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“Not everyone who says to Me, ‘Lord, Lord,’ shall enter the kingdom of heaven, but he who does the will of My Father in heaven. 22 Many will say to Me in that day, ‘Lord, Lord, have we not prophesied in Your name, cast out demons in Your name, and done many wonders in Your name?’ 23 And then I will declare to them, ‘I never knew you; depart from Me, you who practice lawlessness!’ Matthew 7:21-23

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Colleen picDoes Jesus know me? Do I know Him? Do I practice lawlessness, or do I do the will of My Father?

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“Watch therefore, for you know neither the day nor the hour in which the Son of Man is coming.”

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“But of that day and hour no one knows, not even the angels of heaven,[e] but My Father only. But as the days of Noah were, so also will the coming of the Son of Man be. For as in the days before the flood, they were eating and drinking, marrying and giving in marriage, until the day that Noah entered the ark, and did not know until the flood came and took them all away, so also will the coming of the Son of Man be. Then two men will be in the field: one will be taken and the other left. Two women will be grinding at the mill: one will be taken and the other left. Watch therefore, for you do not know what hour[f] your Lord is coming. But know this, that if the master of the house had known what hour the thief would come, he would have watched and not allowed his house to be broken into. Therefore you also be ready, for the Son of Man is coming at an hour you do not expect. Matthew 24:36-44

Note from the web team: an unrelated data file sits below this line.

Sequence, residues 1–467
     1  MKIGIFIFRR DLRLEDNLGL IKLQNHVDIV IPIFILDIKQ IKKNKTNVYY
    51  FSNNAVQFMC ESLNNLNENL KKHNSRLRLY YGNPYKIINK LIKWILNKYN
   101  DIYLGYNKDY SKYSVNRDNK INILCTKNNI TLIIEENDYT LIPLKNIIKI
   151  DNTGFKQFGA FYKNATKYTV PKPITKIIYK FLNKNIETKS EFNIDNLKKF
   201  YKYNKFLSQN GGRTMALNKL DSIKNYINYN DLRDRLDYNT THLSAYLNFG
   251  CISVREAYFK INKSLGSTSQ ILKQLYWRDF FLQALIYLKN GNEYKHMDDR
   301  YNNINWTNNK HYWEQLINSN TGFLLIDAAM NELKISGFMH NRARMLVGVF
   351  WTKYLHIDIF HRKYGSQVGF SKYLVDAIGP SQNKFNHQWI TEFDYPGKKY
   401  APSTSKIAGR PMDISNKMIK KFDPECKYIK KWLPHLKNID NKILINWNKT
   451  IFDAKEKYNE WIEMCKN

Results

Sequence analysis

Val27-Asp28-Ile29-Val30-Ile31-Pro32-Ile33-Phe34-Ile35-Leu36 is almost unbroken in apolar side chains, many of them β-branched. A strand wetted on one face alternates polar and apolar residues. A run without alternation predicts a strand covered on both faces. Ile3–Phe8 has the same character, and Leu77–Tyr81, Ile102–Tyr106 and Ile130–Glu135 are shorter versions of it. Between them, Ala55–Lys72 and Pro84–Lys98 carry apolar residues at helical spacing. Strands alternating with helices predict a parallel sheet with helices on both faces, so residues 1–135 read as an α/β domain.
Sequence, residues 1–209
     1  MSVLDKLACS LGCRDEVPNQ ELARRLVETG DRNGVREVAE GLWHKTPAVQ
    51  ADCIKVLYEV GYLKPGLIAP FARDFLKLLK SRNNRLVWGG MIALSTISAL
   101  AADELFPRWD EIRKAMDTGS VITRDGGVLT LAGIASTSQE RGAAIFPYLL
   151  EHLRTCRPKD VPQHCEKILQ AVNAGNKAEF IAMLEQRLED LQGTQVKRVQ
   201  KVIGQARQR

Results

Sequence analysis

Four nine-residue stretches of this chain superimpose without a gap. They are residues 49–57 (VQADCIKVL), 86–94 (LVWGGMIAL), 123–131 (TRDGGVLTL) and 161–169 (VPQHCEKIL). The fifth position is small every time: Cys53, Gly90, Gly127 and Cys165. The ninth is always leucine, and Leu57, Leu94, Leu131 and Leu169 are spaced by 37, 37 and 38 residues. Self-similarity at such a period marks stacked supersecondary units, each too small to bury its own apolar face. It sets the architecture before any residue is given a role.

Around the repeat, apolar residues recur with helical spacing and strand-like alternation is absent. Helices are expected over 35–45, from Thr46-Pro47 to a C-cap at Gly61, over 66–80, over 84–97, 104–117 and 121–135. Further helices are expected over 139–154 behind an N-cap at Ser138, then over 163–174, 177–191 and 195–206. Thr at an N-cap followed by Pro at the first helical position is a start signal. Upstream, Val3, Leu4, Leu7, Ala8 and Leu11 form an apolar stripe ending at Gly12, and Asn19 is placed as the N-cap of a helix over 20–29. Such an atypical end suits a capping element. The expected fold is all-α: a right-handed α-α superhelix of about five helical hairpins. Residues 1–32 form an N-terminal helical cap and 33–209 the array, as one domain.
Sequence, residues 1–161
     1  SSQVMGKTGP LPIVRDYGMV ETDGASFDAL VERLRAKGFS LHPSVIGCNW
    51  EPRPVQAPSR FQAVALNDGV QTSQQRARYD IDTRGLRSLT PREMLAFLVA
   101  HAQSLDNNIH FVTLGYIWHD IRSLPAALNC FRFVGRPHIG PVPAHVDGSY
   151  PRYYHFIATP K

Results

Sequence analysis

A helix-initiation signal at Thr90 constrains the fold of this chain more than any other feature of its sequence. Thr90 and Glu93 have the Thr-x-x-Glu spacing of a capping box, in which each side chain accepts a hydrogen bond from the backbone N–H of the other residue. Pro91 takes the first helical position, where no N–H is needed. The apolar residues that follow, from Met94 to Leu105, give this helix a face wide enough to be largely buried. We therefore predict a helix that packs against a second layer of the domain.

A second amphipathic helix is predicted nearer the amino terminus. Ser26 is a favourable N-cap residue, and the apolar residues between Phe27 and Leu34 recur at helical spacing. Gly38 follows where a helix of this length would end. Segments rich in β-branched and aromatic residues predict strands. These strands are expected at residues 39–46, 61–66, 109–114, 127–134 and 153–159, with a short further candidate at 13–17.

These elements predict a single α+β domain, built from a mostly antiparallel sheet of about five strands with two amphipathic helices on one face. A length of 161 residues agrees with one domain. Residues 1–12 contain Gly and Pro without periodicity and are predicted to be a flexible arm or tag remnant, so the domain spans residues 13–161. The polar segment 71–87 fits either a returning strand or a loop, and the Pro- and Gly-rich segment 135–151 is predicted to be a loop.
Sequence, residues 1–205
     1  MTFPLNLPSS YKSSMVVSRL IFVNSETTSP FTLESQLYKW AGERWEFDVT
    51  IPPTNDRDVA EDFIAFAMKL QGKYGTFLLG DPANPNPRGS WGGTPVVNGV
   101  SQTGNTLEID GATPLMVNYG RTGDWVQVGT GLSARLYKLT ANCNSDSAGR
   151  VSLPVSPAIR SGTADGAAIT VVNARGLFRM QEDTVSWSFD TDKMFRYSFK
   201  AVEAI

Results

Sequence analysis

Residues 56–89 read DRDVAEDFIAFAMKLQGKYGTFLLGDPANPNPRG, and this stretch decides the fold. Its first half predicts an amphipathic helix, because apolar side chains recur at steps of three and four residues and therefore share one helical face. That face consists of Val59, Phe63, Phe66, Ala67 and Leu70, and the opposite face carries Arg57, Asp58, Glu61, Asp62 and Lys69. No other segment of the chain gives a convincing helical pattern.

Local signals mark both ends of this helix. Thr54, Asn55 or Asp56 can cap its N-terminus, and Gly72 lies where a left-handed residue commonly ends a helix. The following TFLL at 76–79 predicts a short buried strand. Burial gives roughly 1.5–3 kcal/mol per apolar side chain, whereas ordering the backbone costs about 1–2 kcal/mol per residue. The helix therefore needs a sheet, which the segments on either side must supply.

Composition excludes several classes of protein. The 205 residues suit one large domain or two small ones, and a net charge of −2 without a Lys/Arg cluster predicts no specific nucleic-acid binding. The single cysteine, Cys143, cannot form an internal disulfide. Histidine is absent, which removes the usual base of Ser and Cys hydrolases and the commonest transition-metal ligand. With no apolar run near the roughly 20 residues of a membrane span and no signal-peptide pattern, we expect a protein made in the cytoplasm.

But concerning the times and the seasons, brethren, you have no need that I should write to you. 2 For you yourselves know perfectly that the day of the Lord so comes as a thief in the night. 3 For when they say, “Peace and safety!” then sudden destruction comes upon them, as labor pains upon a pregnant woman. And they shall not escape. 4 But you, brethren, are not in darkness, so that this Day should overtake you as a thief. 1 Thessalonians 5:1-4

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Colleen picLet me just say that Noah didn’t know the exact day or hour that God would flood the earth, but he knew the ark would save him. He trusted God, and did the will of God to build it, and we do the will of God to be watching and ready…

“My sheep hear My voice” John 10:27. “But when He, the Spirit of truth, comes, He will guide you into all the truth; for He will not speak on His own initiative, but whatever He hears, He will speak; and He will disclose to you what is to come.” John 16:13

The Bible tells us that the gospel shall be preached in all the world, and then the end will come! Matthew 24:14 & Revelation 14:6,7.

Has the gospel been preached in all the earth? I don’t know. But it has certainly been preached in YOUR hearing today. Are you ready for His return?

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“…choose you this day whom ye will serve; … Joshua 24:15 (KJV)